Pass/fail option for fall 2020 and spring 2021 brings some relief to students

While this change allows for flexibility, AU must do more to help students with new reality

Pass/fail option for fall 2020 and spring 2021 brings some relief to students

THE EAGLE

As announced in an email from Acting Provost Peter Starr, undergraduates may now make two classes this fall semester pass/fail, while graduate students may take one class with this option. This action can be taken after final grades are posted for the semester. This announcement comes after the Faculty Senate pushed for this option for students, with the stress of the coronavirus pandemic being a significant factor. Starr too, acknowledged the role of stress in students’ lives right now. This decision also comes after a petition started by AU chapters of the NAACP, Black Student Union and Black Girls Vote gained over 1,100 as reported by The Eagle.

This option is welcome news for the University student body. As The Eagle had previously reported in our coronavirus coverage, this was a policy change that students had been pushing since the start of the semester. When the University made the decision to make classes entirely virtual for the fall 2020 semester, students knew that problems would arise. The strain of this change, after spending months with the expectation of a hybrid structure, should not be held against students. Students made decisions about what classes they would be taking before the announcement that the semester would be online, and it is not unreasonable to believe that students may have made different choices with that knowledge beforehand. Especially as the change was made after many students had paid their tuition to the University, students struggled to decide what was in their best interest.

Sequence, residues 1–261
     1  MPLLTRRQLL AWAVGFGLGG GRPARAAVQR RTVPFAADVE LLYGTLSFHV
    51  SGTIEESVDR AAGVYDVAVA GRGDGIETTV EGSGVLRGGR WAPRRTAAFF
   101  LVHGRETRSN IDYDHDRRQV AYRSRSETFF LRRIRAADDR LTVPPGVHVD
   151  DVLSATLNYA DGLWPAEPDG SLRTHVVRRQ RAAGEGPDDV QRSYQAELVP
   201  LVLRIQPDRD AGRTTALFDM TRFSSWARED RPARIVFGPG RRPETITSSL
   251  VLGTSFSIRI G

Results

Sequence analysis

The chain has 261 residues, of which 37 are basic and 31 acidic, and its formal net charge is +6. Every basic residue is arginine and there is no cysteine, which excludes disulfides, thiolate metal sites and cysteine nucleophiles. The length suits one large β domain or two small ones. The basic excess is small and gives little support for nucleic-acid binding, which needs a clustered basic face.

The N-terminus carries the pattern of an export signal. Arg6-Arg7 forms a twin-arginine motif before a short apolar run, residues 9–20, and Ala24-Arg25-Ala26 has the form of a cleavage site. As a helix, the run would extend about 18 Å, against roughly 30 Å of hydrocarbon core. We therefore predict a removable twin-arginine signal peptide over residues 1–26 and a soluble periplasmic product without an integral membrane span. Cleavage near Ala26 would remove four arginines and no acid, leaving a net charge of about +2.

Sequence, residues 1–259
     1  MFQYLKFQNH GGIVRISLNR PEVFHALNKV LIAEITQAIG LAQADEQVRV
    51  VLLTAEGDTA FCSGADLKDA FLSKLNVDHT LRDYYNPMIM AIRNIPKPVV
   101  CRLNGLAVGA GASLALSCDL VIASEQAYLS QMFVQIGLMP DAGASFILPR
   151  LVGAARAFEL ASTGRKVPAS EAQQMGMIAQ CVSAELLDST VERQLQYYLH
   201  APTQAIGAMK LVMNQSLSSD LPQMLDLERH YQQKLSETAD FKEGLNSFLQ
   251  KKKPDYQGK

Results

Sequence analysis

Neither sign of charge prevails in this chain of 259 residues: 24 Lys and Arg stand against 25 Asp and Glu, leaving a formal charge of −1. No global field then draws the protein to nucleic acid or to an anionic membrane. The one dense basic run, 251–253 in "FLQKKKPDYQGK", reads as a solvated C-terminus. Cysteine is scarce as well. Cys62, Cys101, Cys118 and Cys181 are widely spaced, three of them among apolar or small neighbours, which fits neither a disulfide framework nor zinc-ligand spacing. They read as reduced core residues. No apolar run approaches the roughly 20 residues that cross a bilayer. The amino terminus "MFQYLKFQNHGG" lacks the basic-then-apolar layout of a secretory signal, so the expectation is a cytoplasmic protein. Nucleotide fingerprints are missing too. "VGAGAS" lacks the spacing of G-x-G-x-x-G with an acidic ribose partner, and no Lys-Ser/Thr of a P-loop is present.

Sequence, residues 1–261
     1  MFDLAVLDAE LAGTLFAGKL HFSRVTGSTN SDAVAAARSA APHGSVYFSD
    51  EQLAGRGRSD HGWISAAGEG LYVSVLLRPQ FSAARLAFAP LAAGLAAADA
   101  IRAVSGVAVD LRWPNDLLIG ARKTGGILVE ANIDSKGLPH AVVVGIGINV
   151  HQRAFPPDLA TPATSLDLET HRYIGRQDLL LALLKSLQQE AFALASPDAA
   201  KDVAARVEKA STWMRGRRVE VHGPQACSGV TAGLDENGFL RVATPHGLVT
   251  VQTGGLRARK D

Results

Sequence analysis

The ability to make one or two courses pass/fail relieves some of students’ burden of how this semester may harm their GPA. Allowing students to make the decision after final grades have been posted is also a relief. Rather than students making guesses about what classes they would most benefit from making pass/fail, they can now make a fully-informed decision. Support from the faculty, and now administration, for this option is also heartening. This decision acknowledges that students are having difficulties with motivation, studying at home or other mental health issues. While individual experiences vary, professors, in general, seem to better understand the situation students are in this semester than last spring.

However, this pass/fail option was announced so far into the semester and is not what students specifically asked for. It doesn’t provide as much academic assistance as many students feel they need this semester. Last spring, students were able to take as many classes pass/fail as they wanted, due to the abrupt switch in the middle of the semester to online classes. This semester is not any easier than the last, so to limit the option to only two classes is not enough. The reality of this pandemic across the world is that for many students, life is more challenging than it was in the spring. While international students may have been living in the United States during the spring semester, many were not able to stay once the University went online and have been living with late nights or early mornings ever since. Students could have family members dealing with COVID-19, or they may have gotten sick themselves. They also may be struggling with time zone differences and mental health problems. With these issues in mind, not allowing for more classes to be pass/fail means the burden is lighter, not disappeared, from students.